I recently read an article on building resilience in kids and I thought I’d share a few keys from Linda Stade:-

Resilience in an unpredictable world is one of the greatest gifts we can give our children.

  1. Safe adults – having a meaningful relationship with someone who is approachable and consistent is invaluable to a child. It is one of the pillars of building resilience.
  2. Ritual – Ritual is inherent to all cultures worldwide. They are a method humans have developed to cope with change and to celebrate the cycles of life. The beauty of rituals comes in the safe space they provide for people. Weddings are different around the world but they all incorporate ritual and they all celebrate a new beginning.
  3. Involvement in communities – When a child is part of a community they are part of something bigger than themselves. When you are part of something bigger than yourself you are stronger. You are more permanent and you have a greater sense of identity. A resilient child recognises that they have a place and that they belong. Belonging is the starting point to positive wellbeing and powerful education.
  4. Mindfulness – is the process of consciously listening to your thoughts and being aware of which ones should be ignored and which are valuable. It is your brain evaluating itself and ensuring you stay ‘in the now’. The past is often connected with regret, guilt and shame. The anticipated future is often tied to anxiety and worry. If kids can stay in the ‘now’, life is much calmer.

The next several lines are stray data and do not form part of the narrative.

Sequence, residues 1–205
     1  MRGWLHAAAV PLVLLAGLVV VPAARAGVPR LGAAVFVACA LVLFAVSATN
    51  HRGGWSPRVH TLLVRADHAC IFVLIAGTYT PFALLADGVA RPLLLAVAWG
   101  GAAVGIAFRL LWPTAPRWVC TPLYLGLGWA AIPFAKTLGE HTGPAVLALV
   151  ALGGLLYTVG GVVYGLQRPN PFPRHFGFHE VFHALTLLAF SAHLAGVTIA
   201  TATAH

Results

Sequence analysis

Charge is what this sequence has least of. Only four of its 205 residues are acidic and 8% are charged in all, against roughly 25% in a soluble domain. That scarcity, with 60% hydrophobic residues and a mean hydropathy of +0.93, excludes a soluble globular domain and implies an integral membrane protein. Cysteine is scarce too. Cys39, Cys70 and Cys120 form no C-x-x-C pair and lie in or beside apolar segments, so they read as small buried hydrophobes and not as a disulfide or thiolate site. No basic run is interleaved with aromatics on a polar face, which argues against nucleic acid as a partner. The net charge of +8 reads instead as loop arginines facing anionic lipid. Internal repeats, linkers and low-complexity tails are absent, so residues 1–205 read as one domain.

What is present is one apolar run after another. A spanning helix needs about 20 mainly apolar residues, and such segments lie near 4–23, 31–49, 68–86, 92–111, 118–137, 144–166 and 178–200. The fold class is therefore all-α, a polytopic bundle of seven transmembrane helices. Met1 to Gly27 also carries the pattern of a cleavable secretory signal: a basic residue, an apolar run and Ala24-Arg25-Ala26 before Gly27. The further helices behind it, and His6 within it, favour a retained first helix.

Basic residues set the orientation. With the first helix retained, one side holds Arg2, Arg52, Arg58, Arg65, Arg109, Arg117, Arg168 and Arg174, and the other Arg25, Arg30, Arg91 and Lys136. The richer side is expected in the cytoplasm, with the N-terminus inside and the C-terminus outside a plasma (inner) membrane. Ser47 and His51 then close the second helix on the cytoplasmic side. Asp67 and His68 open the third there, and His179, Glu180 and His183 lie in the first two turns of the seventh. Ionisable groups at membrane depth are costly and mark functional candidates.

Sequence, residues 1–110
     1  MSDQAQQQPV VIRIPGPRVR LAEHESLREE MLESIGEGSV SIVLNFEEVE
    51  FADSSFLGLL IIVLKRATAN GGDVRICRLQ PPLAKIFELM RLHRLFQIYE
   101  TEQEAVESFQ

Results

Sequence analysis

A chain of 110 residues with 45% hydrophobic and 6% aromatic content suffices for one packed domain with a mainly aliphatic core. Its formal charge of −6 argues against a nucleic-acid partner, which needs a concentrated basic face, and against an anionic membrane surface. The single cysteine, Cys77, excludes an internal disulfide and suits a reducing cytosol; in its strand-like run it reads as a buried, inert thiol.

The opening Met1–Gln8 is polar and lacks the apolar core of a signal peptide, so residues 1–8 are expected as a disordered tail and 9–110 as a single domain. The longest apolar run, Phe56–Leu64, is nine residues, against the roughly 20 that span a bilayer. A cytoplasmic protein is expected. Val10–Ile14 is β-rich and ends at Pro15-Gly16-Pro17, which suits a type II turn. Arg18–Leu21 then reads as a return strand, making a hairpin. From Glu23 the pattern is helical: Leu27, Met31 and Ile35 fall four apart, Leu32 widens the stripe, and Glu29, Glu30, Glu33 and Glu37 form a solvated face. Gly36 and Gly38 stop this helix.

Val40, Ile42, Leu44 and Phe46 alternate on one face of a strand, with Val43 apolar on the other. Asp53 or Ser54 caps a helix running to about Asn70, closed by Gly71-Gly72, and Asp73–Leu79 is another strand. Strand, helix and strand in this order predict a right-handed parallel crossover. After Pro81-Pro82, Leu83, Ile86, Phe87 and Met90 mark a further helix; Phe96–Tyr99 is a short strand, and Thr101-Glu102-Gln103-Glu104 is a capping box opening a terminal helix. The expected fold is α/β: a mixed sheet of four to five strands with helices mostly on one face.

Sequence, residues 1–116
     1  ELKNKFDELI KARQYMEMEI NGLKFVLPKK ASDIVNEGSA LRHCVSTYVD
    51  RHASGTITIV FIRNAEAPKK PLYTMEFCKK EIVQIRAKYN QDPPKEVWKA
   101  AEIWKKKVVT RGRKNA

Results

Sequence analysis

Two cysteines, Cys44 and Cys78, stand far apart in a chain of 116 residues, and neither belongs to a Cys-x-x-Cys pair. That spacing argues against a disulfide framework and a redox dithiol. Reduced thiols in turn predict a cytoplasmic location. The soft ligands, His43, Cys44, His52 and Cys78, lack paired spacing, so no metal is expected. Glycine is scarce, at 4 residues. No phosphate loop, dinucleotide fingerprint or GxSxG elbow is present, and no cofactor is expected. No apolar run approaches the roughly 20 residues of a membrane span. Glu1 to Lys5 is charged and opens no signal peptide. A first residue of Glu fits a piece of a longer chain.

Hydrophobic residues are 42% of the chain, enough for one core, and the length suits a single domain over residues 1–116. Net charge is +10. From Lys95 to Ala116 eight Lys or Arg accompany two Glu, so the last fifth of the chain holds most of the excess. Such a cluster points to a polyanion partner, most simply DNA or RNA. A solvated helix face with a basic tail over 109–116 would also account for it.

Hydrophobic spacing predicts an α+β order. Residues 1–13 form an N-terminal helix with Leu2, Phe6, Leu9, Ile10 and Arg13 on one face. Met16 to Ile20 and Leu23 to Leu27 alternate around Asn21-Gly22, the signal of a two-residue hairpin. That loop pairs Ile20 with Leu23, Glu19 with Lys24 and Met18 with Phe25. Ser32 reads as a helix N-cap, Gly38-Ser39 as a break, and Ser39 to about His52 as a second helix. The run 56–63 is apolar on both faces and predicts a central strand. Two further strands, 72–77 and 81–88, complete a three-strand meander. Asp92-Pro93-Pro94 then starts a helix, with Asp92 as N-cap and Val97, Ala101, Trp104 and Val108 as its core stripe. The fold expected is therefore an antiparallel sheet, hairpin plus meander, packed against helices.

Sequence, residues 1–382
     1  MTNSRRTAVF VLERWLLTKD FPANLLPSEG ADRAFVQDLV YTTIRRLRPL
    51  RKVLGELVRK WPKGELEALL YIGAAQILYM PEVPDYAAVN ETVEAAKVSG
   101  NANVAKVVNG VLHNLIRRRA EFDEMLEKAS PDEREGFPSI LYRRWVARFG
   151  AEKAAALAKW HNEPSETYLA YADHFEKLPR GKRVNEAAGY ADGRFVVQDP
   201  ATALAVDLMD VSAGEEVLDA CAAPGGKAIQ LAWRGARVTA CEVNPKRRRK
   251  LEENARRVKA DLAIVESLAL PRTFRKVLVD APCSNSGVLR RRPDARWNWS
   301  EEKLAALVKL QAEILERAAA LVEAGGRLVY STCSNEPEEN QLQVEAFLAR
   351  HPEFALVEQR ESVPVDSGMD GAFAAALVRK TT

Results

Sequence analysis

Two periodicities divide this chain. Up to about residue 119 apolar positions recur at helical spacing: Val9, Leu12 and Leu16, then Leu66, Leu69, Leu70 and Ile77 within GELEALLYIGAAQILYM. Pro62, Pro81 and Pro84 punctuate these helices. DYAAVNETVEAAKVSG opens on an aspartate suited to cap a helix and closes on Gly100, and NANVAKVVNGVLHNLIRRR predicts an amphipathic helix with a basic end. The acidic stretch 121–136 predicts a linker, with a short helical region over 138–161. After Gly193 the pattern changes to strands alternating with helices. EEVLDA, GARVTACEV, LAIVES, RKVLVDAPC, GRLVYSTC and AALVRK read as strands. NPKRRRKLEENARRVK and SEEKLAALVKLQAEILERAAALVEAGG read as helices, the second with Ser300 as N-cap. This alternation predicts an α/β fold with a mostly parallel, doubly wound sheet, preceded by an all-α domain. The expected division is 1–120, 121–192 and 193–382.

5. Model resilient behaviour – it is impossible to stress too highly the importance of role modelling in teaching emotional regulation and resilience. What we need to do is role model recovery. There is no set time schedule for recovery, but discussion about the fact that it is happening is important. Talk about and name the feelings. Kids should see that it is normal to experience ups and downs in life. They need to see and hear you recognise that the bad times will get better and the good times won’t last forever.

A reminder that I am at school on a Monday and Tuesday, please feel free to pop in or give me a call.

Take care


From The Chaplain

The one important thing all our kids should learn about.

Many of us watch on as our children feel anxious at times, wishing we could magically make their anxiety disappear. Surely their lives would be easier, their days calmer and their moods happier if we could somehow keep this anxiety away?

Yet, we can’t.

Because the reality is, anxiety is a universal human experience.

That’s right, we ALL feel anxious sometimes.

In fact, we’d be in trouble if we didn’t.

There’s a helpful analogy that’s often used, that likens anxiety to a smoke alarm.